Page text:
As soon as the dog starts to come to you following the command, in spite of other irritants, take away the cord. Consistent walking with the cord hinders final success as well, because the dog soon realizes that its dependence on you is the cord, and becomes completely disobedient without it. The ideal solution is periodic use of the long cord. In places with little irritants, walk without the leash, while trying to dominate the dog's attention: play and communicate with the puppy. Don’t let the dog be on its own during the walk. You are its master, leader, and the dog should be attentive to each of your movement and word at any time. If this component of the relationship is missing, you’re more like a shepherd, grazing a goat or a cow. You chose which role you’d like to play. I am sure you will choose the proper solution and act right.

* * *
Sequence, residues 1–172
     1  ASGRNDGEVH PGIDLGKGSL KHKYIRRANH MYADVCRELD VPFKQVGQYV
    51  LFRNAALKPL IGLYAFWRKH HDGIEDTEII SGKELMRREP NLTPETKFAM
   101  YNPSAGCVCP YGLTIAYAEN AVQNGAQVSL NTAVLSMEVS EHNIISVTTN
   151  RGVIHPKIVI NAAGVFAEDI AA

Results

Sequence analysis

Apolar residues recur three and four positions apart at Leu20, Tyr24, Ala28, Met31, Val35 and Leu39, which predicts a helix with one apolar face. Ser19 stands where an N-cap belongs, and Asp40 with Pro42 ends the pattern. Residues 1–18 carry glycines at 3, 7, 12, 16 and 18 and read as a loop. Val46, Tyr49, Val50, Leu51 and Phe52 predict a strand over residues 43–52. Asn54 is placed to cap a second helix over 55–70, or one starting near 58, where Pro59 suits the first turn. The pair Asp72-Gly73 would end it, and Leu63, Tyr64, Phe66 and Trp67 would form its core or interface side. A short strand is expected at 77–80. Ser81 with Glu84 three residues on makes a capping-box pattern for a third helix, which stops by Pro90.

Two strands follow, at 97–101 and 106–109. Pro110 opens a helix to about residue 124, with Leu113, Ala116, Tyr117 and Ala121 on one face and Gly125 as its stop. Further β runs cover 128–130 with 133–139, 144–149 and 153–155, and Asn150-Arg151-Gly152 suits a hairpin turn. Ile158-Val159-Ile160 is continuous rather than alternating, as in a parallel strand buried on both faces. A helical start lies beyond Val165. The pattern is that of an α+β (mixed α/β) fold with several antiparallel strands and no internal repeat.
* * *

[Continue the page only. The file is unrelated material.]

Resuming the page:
So, the puppy gladly comes to you when you call their name. However, as the dog grows, new situations will emerge, where you will have to find the right course of action. One of the most common problems related to “come” command is picking up of bones and other “treats” from the ground. When a dog snatches a bone from the ground, most owners once again make a serious mistake: they scold the dog while calling it to come, and as soon as the dog trusts to come to the master, they punish the dog. Certainly, next time a smart dog will run away when it hears this command, because the punishment was related to command “come”, and not to the pick up of food from the rubbish heap. Eating was an unconscious, instinct-guided action, while the dog’s coming up to you was a conscious act, just like the dog was trained to do when it hears the command, and what did it get as a reward? A punishment! Or worse yet continuation of the story: bring the dog and rub its nose into the place where it found the food, and cuff on the nape at the same time. You’ll achieve two goals at once this way: you will train the dog NOT to come to you when it hears command “come” and quickly eat anything it finds at the rubbish heap, chewing as it runs away. What’s the best way to solve this problem? First of all, resist the desire to beat the dog, this is pointless. We humans differentiate the food on the plate and the food on the ground, the dog can’t see the difference. If a dog gnaws a bone, and it happened for the first time, then it is most likely that the dog will come up to you as you call their name, don’t punish it or take away the bone at this time! Don’t show you’re horrified or mad. Put yourself in the place of a dog: bone – great! Better suggest a treat instead, take the bone (however disgusting it may be), praise the dog, let it know that you’re happy it brought such a “necessary” thing to you. Hide it and only when the dog doesn’t see it – throw it away. It is virtually impossible to train the majority of dogs NOT to eat from the ground, because a dog is a predator at heart, and anything it finds must be eaten. So, as you start fighting this instinct, think twice: is it worth it? will you not lose more than you’d like to gain? It is better if the dog brings anything eatable to you at the first call, and momentarily comes to you as soon as you noticed it’s going to eat something, rather than you chase the dog for hours, while it manages to eat all it can find in the meantime. What should you do if the dog with a bone doesn’t want to come to you? Don’t call it to come to you for too long, as each time you’re saying the command without reaching obedience, you help the dog fix it in its mind that the command may be ignored. It is also useless to catch the dog. The best thing you can do now is behave like the fact doesn’t bother you at all and wait until the windfall is eaten and the dog comes towards you. Letting it go once, will give you one more chance to solve the problem in the nearest future. Get back to using the cord again and go to a place where bones and other unwanted food is on the ground (or put them there beforehand). Repeat the approach with the cord – make sure the command is obeyed, you as a master speaking and behaving in an imperious manner, and praise the dog. Remember the main rule: never punish the dog after it came to you following the command “come”, even if the dog did something out of order, even if you chased it for hours, restrain yourself and maybe you will win the chance to get the dog come up to you.